Your Best Friend Dies: How To Cope & What To Do
When someone close to us dies, it feels like our world has ended. We are plunged into darkness and confusion, struggling to make any sense of what has happened. Grief is a natural response to loss, but it can be incredibly painful and overwhelming. It can feel like we will never recover from the death of our loved one.
When you lose a best friend, you also lose the person that you would have leaned on to help you through the grief. You lose the person who knew you better than anyone and loved you unconditionally. This can make the grief even more difficult too bear.
There is no right or wrong way to grieve. Everyone experiences grief in their own way and there is no timeline for healing. However, there are some things that you can do to help manage your grief and eventually start to rebuild your life in the wake of tragedy.
The grieving process explained
When someone dies, it is normal to experience a range of intense emotions. These can include sadness, anger, disbelief, confusion and guilt. It is natural to feel like you are on an emotional rollercoaster, as one minute you can be feeling numb and the next you can be consumed by grief.
The grieving process is unique to everyone. And while we might talk about the stages of grief, they are rarely experienced in a linear fashion. Instead, you might feel like you are on a rollercoaster of grief, spiralling through the various emotions.
The most important thing to remember is that there is no right or wrong way to grieve. Your grief is valid and you will eventually start to heal, even though it might not feel like it right now.
Coping with the death of a best friend
When you lose your best friend, it can feel like you have lost a part of yourself. This is natural, as your best friend was likely someone that you shared everything with. They knew you better than anyone and they were always there for you, no matter what.
In the wake of their death, it can feel like there is a huge hole in your life. You might find yourself struggling to fill the void that they have left behind. While you would have once turned to them for advice, support and a morale boost, you are now left to find comfort elsewhere. This can be incredibly difficult. Here are some of the best coping strategies to deal with the loss of a best friend.
Allow yourself to feel your emotions
When someone close to us dies, it is natural to try and bottle up our emotions. We might not want to face up to the pain and grief that we are feeling. However, it is important to allow yourself to feel your emotions, as this is part of the grieving process. Trying to suppress your emotions will only make them harder to deal with.
If you feel that your emotions are getting in the way of everyday life, it's important to seek professional help. Speaking to a grief counsellor can help you to understand why you are feeling the way you are feeling and then take steps to start to process your feelings.
Lean on your other friends
When you lose your best friend, it can be tempting to isolate yourself from the world. You might not feel like you have anyone to turn to, as no one understands what you are going through. However, it is important to reach out to your other friends and family members for support at this difficult time. These people care about you and will want to help.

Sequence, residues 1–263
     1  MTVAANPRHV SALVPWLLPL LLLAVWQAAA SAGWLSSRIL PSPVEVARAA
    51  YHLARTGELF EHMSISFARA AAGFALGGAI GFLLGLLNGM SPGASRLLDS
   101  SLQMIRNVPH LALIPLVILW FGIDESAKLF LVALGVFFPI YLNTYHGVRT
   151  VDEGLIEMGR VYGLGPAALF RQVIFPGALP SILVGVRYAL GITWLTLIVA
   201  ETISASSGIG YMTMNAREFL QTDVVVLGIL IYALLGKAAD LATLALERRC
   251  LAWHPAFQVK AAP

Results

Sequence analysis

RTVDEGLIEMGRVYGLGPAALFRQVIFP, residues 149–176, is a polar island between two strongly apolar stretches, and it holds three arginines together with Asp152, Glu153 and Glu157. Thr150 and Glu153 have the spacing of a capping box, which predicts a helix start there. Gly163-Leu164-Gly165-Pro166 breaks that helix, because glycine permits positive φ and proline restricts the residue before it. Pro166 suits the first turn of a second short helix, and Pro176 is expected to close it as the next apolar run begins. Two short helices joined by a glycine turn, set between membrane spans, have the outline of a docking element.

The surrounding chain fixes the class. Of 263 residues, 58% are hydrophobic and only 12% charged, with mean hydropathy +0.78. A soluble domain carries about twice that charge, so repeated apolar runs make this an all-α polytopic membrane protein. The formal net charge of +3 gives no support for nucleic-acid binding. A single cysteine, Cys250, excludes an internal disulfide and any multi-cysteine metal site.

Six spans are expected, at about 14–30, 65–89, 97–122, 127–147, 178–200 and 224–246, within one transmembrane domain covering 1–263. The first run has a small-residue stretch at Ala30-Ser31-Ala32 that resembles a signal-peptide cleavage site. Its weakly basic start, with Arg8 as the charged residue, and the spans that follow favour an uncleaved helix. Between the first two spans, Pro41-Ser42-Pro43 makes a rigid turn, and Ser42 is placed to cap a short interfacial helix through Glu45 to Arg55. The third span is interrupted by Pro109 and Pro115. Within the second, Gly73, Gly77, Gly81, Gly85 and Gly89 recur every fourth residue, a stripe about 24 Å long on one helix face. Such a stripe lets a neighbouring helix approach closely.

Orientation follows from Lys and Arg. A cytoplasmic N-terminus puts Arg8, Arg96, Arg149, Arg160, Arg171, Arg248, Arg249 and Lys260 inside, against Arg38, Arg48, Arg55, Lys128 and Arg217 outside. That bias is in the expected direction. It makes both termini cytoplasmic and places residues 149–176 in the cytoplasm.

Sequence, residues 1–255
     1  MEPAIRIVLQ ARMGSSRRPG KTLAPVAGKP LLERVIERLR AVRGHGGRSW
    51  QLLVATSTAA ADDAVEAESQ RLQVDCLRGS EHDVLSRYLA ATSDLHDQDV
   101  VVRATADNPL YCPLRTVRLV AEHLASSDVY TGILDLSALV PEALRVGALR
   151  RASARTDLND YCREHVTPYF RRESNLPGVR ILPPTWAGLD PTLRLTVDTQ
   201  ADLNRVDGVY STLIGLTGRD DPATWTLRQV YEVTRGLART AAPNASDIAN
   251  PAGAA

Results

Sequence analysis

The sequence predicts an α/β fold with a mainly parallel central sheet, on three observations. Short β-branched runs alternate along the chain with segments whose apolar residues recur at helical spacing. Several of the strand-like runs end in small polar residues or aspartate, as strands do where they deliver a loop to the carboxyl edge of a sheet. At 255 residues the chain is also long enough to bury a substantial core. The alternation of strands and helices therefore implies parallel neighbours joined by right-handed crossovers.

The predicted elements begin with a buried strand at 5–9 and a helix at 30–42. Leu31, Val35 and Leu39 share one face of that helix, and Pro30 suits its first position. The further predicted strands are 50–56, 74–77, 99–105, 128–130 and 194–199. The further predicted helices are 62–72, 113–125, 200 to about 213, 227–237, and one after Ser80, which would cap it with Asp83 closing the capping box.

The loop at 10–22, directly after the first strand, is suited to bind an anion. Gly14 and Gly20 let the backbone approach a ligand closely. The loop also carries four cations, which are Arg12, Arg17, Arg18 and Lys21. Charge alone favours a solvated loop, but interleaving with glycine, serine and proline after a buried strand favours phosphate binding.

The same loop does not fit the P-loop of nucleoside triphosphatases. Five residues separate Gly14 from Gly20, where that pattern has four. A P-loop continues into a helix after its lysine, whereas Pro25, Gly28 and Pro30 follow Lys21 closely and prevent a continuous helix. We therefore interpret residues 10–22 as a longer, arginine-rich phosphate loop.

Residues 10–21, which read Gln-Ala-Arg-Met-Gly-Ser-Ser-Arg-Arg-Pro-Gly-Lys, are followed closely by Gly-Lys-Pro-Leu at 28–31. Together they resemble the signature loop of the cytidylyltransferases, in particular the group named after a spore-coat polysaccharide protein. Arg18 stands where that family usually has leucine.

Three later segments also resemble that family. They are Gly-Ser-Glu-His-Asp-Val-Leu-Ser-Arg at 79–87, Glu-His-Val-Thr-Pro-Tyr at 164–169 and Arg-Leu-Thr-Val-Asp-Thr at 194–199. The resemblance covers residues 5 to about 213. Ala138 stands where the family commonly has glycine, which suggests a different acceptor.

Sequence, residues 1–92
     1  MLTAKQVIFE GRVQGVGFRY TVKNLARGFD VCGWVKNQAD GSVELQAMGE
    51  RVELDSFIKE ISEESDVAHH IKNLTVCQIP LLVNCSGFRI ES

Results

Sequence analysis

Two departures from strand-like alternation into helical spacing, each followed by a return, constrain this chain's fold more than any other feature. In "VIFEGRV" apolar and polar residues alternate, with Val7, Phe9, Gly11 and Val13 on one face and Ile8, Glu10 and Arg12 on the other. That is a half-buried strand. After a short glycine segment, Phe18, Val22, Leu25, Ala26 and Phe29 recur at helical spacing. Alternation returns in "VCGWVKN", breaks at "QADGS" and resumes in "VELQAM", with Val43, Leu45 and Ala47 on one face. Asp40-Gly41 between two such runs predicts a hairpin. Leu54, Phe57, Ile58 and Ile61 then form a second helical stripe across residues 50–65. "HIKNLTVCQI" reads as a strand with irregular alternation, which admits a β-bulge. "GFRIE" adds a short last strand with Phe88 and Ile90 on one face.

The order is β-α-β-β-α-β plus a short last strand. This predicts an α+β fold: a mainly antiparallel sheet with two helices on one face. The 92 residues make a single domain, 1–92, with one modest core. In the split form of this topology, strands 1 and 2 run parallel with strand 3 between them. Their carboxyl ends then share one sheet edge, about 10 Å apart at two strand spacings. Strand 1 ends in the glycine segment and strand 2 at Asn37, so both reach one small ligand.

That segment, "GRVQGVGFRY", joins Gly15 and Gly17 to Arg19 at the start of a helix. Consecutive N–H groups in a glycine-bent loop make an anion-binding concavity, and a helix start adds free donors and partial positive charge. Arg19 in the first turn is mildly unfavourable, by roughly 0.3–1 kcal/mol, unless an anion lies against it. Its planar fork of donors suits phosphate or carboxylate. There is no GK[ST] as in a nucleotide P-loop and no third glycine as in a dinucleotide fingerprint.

You might be surprised who turns up to support you in your hour of need. These people can provide a shoulder to cry on and can help you to get through the tough times. Your best friend may have had other friends that you weren't as close with. These people will be going through the exact same emotions as you, so it's worth reaching out to provide mutual support.
Talk about your best friend
It can be therapeutic to talk about your best friend and to share your favourite memories of them. This can help you to keep their memory alive. You might want to arrange a memorial service or write a eulogy to honour their life. You could also create a photo album or memory box, which you can look at when you are feeling their absence.
Throw yourself into new activities
Perhaps your best friend was your golf partner, your gig buddy or someone you enjoyed hiking with. When you lose your best friend, you might also feel like you have lost your favourite activities. Try throwing yourself into new activities and try something new. This can help to take your mind off your grief and can give you a sense of purpose.
You might find that you connect with new people through these activities and start to create new bonds. These people might not replace your best friend, but they can provide some support and companionship during this difficult time.
Give yourself time
The grieving process can take some time to work through. There is no right or wrong way to grieve and everyone will deal with their emotions in different ways. Some people might find that they start to feel better after a few weeks, while others might find that it takes months or even years to come to terms with their loss.
It's important to give yourself the time you need to process your emotions so that you can move on with confidence. Refusing to deal with the loss and bottling up your emotions will only make things harder further down the line.
These are just some of the ways that you can cope with the death of your best friend. Remember, there is no right or wrong way to grieve. Take the time to mourn their loss in whatever way feels right for you. With time and support from those around you, you will eventually start to heal.